Advance Review: Transfusion #1

A comic review article by: Jamil Scalese

 

ADVANCE REVIEW! Transfusion #1 will be in stores Wednesday, October 10, 2012.

 

Even in its simplicity, "high concept" can be tricky. A simple premise is a great start, but like all sound fiction it needs so many other factors to work. The newest comic from Steve Niles, creator of 30 Days of Night and Criminal Macabre, states its high-concept hook right on the cover: "robots versus vampires." In an era of mash-up match-ups I actually don't think thus one has been attempted before.

 

 

The concept is pretty blatant, but what makes the debut issue of Transfusion work is the nuance and framing. Combined with the haggard, pallid art of menton3, the script takes its time, employing only smatterings of dialogue and only enough to give context. The book tries to creep out the reader with violence and shocking plot maneuvering with the idea hinging on the machines -- robots akin to machines from the Terminator franchise -- needing human blood to operate. They scour the landscapes, only seeming to exist to kill and consume. With a hint of  the Matrix Trilogy and of touch of H.G. Wells, the robots and world they dominate don't differentiate from modern tropes. The vampires don't reveal themselves until late but I doubt they deviate much from modern norms. However, I think it's fair to hold judgment on the adventurousness of the plot once the story is allowed to flourish.

The world presented is stark and eternally bleak. The book quickly thrusts main character William into a survival situation where he must narrowly escape the slaughter of a family he's traveling with. Niles is frugal with the dialogue but what he chooses acts as smart and tight exposition, painting both the character and the world as nearly hopeless.  The contributions by menton3 are obvious too. Utilizing big, spacey layouts and a non-traditional approach to lettering and caption placement Transfusion establishes a firm look and tone very quickly. The script calls for a number of pin-ups and wide paneling, and menton3's art isn't overly rendered or detailed. The only time the pages are filled is when they're soaking the gutters in blood, so yeah, it's one of those kind of books.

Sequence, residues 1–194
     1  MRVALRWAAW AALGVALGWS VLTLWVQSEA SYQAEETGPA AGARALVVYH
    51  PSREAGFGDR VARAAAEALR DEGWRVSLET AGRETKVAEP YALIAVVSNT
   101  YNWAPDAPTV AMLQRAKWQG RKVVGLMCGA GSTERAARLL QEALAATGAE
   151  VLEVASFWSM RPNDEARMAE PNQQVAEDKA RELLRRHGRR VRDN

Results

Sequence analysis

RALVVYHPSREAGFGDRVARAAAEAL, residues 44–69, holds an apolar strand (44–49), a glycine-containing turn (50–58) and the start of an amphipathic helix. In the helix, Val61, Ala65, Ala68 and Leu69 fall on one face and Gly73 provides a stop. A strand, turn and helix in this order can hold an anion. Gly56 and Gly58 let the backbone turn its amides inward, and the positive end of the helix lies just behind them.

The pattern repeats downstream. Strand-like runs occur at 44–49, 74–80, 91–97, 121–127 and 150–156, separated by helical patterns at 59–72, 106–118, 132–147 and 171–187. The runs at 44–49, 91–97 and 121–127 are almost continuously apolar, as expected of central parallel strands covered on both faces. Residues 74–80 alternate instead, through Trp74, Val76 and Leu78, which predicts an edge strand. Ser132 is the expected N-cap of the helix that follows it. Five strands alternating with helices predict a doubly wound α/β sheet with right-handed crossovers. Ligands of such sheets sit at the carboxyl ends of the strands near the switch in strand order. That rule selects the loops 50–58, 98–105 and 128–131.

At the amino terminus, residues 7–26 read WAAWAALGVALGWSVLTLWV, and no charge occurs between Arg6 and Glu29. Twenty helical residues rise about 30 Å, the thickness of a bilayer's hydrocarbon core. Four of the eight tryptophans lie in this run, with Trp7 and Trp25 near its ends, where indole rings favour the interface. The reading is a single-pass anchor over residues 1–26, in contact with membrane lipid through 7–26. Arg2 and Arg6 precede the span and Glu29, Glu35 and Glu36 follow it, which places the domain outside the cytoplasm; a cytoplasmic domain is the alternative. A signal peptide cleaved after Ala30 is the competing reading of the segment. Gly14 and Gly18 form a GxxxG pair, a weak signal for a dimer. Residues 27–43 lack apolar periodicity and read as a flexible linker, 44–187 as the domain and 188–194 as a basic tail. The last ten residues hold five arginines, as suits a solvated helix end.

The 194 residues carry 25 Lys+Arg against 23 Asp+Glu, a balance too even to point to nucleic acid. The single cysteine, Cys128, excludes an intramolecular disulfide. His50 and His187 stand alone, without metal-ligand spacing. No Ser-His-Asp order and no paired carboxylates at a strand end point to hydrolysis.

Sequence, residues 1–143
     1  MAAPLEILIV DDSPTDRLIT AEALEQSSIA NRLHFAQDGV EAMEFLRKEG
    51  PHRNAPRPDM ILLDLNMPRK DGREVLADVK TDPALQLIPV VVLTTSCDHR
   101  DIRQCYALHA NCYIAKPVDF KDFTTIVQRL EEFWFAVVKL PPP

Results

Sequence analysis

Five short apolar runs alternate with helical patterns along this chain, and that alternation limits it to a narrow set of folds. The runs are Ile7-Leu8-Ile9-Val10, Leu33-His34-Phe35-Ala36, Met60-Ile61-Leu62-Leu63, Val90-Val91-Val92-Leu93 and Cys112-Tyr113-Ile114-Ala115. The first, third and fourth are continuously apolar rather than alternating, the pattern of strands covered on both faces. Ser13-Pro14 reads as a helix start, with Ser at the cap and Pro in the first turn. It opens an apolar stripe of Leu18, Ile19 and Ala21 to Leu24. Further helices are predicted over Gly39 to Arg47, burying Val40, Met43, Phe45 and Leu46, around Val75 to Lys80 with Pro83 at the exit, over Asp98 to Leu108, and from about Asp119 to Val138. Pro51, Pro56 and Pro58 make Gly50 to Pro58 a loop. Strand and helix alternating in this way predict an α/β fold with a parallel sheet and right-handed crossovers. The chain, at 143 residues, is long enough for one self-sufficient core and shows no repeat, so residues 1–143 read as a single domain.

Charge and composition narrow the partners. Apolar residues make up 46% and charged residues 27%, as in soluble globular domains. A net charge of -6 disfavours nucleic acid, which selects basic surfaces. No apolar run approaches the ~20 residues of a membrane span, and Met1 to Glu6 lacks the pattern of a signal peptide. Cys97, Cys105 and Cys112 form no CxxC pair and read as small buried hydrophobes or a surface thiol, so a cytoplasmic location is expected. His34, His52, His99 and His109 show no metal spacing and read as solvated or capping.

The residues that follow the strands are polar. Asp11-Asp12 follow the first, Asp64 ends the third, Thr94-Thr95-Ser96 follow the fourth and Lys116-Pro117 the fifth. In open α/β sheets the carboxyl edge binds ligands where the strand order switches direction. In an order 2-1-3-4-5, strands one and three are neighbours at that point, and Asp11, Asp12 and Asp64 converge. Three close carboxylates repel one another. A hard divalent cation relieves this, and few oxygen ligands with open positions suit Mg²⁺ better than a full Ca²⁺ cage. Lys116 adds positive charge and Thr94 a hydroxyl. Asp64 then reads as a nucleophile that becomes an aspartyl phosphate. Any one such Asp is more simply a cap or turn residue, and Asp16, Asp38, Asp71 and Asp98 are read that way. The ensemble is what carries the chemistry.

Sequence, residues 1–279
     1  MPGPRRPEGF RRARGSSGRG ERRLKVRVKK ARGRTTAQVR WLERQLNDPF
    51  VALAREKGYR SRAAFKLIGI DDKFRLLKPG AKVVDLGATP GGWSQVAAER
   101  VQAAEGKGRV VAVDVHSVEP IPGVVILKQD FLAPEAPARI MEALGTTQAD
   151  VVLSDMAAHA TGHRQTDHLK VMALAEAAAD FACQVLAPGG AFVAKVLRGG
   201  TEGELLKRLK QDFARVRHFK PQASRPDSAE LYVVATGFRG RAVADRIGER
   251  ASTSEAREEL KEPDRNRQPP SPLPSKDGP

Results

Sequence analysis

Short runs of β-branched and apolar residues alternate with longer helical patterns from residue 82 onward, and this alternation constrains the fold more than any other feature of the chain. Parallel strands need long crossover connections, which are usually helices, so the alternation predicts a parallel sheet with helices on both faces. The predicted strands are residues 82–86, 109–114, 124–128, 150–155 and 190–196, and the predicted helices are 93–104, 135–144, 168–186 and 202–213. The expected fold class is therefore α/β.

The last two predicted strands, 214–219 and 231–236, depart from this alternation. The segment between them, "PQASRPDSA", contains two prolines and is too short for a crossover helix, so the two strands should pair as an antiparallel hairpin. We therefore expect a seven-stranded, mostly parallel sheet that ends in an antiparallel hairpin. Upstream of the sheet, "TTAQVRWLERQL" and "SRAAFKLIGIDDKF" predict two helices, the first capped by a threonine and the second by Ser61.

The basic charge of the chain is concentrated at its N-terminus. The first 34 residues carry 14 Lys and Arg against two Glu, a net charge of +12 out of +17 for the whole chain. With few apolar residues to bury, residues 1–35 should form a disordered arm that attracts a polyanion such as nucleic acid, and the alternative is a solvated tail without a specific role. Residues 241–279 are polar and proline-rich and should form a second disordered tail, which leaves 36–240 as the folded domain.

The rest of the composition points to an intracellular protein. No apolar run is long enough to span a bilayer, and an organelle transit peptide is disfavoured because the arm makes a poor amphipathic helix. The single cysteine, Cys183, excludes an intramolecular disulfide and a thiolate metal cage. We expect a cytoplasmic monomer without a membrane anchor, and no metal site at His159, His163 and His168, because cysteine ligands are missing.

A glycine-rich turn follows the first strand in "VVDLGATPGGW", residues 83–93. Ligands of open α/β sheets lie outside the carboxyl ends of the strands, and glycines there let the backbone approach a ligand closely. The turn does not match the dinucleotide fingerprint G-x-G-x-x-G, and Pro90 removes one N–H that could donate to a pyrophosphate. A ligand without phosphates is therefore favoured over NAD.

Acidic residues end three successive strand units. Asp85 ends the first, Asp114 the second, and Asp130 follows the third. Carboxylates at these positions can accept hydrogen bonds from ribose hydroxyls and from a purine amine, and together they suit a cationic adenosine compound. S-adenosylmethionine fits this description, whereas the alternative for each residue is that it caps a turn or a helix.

Due to the choice of large panels and light dialogue the story barely begins before it's over. The whole of the issue could easily fit into the pre-credits scene of a movie. It's really hard to judge this comic on its merits when it doesn't really show it's hand. The promise of "robots versus vampires" shows its dark face by the end, but it's not enough to really hook the reader. 

At the end of the day, there isn't a whole lot to Transfusion #1 in terms of plot or setting. While it's a short, very entertaining read that holds promise nothing is guaranteed. I'll admit to being turned around on the paper-thin pitch, but Niles and menton3 need to do a lot more work for me to give Transfusion an above average endorsement.  

 


 

Jamil Scalese is just like you -- an avid comics reader and lover of sequential art. Residing in Pittsburgh, PA, he is an unapologetic Deadpool fan, devotee of the Food Network and proud member of Steelers Nation. Check out his original, ongoing webcomic And Then There Were Zombies and follow his subpar tweeting at @jamilscalese.

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